Adulteration is the tampering of a urine specimen during collection in which the donor attempts to alter the final test result or outcome. Techniques for specimen tampering or altering are always evolving as individuals develop new and innovative ways to try and ‘cheat’ an impending drug test.
Examples of popular adulterants are:
•Classic or household adulterants such as bleach, salt, eye drops, lemon juice, vinegar, & peroxide.
•Commercial or store-bought adulterants which are frequently sold for purchase online and in certain specialty stores. Creators of adulterants being sold in the current market have created special additives consisting of formulas that will allegedly alter the outcome of the test result by generating a completely negative test result (false negative). The most frequent instructions and corresponding practices, although highly unethical, include the donor discretely transporting the additive product into the collection room and covertly pouring it into the specimen.
Adulterants act by either interfering with the composition of the specimen properties tested in the immunoassay portion of testing or by converting the target drugs to other compounds. Adulterant laboratory analysis measures the urinary characteristics such as creatinine, pH, and specific gravity for existing levels while the presence of nitrate and oxidant activity is also traced.
Adulterants work to change the properties of the specimen so that during the immunoassay portion of the analysis, a reaction will transpire and as a result, a false negative will be produced. Adulterant testing must be requested specifically as adulterants will not be detected unless this particular testing is implemented. When the specimen properties are out of normal range or when significant levels of nitrates or the presence of oxidant activity is found, the test may be canceled and reported to the Medical Review Office for thorough medical review. NTA, Inc. has a highly qualified Medical Review team that is highly experienced in handling this type of testing outcome and we are proud to offer this level of quality to our clients.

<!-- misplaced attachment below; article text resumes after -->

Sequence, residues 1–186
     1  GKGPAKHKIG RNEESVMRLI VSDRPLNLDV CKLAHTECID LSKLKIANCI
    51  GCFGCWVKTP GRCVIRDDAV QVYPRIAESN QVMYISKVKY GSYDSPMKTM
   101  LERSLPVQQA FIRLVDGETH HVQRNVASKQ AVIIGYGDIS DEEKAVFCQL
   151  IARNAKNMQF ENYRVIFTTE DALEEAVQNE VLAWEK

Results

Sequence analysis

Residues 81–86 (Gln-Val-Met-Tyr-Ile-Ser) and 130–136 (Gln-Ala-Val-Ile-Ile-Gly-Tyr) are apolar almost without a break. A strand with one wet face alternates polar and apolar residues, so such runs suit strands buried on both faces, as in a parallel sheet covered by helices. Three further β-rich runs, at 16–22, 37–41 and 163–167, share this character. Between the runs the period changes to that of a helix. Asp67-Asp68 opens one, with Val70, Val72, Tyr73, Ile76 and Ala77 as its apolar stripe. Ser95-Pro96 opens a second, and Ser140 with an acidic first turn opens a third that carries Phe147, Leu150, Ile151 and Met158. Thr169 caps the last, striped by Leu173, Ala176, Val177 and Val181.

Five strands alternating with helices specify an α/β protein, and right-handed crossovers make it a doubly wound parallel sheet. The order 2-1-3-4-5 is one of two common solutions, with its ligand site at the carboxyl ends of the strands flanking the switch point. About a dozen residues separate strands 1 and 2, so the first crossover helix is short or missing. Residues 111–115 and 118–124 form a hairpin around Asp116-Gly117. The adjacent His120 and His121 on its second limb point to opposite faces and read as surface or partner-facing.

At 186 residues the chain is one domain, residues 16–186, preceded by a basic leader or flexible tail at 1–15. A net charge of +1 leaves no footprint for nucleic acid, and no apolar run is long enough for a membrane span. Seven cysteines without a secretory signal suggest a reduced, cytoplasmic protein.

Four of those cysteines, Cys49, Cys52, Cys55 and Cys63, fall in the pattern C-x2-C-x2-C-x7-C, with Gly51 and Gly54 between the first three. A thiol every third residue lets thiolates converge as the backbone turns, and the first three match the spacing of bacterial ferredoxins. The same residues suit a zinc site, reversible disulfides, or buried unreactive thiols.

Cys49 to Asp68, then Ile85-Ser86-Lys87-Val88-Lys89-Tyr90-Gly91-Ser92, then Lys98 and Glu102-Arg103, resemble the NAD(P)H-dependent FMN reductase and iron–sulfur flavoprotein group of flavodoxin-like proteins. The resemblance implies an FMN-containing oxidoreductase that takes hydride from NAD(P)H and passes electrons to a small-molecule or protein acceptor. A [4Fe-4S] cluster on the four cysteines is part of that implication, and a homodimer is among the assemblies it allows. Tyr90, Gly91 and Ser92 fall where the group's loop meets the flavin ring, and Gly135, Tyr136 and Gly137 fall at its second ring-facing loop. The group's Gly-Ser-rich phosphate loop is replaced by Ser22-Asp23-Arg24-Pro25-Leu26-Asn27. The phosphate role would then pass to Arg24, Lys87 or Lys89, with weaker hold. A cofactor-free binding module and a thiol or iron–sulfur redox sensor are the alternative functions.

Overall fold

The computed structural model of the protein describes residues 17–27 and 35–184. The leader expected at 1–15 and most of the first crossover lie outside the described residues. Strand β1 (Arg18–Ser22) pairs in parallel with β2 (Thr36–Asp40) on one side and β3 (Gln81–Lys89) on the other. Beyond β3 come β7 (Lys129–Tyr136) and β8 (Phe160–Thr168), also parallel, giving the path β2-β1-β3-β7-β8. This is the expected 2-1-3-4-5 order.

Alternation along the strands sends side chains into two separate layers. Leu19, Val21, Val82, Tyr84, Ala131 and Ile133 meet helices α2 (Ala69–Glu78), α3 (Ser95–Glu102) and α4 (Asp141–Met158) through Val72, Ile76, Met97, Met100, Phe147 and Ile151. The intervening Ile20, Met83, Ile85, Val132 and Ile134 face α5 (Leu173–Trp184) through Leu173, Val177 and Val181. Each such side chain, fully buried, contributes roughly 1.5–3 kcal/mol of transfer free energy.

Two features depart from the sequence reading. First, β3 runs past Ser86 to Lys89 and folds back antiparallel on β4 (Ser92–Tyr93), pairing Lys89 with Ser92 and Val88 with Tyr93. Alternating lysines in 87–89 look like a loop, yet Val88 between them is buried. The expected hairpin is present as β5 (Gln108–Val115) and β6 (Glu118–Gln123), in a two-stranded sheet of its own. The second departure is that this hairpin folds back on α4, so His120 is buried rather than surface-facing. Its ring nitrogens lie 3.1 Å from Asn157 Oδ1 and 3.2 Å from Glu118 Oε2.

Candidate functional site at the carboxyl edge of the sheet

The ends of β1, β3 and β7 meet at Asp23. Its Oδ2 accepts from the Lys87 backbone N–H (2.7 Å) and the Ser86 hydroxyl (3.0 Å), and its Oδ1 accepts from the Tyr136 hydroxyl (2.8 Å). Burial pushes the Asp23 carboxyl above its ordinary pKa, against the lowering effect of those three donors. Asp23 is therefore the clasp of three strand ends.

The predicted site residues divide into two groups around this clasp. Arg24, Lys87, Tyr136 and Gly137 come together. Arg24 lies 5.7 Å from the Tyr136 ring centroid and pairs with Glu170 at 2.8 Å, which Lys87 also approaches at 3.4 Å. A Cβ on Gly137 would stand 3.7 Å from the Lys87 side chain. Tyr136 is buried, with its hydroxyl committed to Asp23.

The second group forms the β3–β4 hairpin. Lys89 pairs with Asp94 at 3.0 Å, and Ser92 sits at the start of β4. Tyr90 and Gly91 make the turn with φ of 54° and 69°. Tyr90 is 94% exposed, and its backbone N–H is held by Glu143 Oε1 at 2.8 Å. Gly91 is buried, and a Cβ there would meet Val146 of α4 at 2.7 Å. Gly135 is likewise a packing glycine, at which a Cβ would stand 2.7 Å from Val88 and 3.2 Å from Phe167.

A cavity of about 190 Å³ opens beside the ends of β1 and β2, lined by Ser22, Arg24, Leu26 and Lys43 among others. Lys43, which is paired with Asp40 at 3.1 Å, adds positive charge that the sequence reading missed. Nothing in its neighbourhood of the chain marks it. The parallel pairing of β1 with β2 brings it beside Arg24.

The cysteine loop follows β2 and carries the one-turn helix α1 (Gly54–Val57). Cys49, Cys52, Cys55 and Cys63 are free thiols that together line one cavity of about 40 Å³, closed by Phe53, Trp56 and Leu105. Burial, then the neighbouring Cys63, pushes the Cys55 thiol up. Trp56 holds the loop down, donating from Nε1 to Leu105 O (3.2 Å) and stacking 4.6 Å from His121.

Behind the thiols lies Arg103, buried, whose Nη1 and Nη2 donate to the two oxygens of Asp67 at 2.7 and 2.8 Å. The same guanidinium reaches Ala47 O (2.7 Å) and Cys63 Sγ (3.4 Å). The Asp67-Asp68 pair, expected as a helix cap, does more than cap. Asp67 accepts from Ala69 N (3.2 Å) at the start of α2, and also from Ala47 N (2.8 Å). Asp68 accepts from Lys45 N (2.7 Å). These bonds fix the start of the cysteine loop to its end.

Due to scientific and technological advances, adulterated specimens are detected more often than not thanks to the more sophisticated and complex laboratory analysis’ that are being carried out. A 1999-2000 Audit by SAMHSA found 6,440 adulterated specimens went to 66 certified laboratories – Wong, R, 2002 American Clinical Laboratory. It is also important to include that the Department of Transportation now requires adulteration testing on all specimens tested within the federal guidelines.
When a company implements a drug-testing program, it is recommended that they include adulterant testing in their lab panel as well as their instant drug screening devices. Adulteration is a consistent issue in the world of drug testing and it is imperative that corporations and agencies remain vigilant while working to combat and circumvent the alarming trend that is adulteration.
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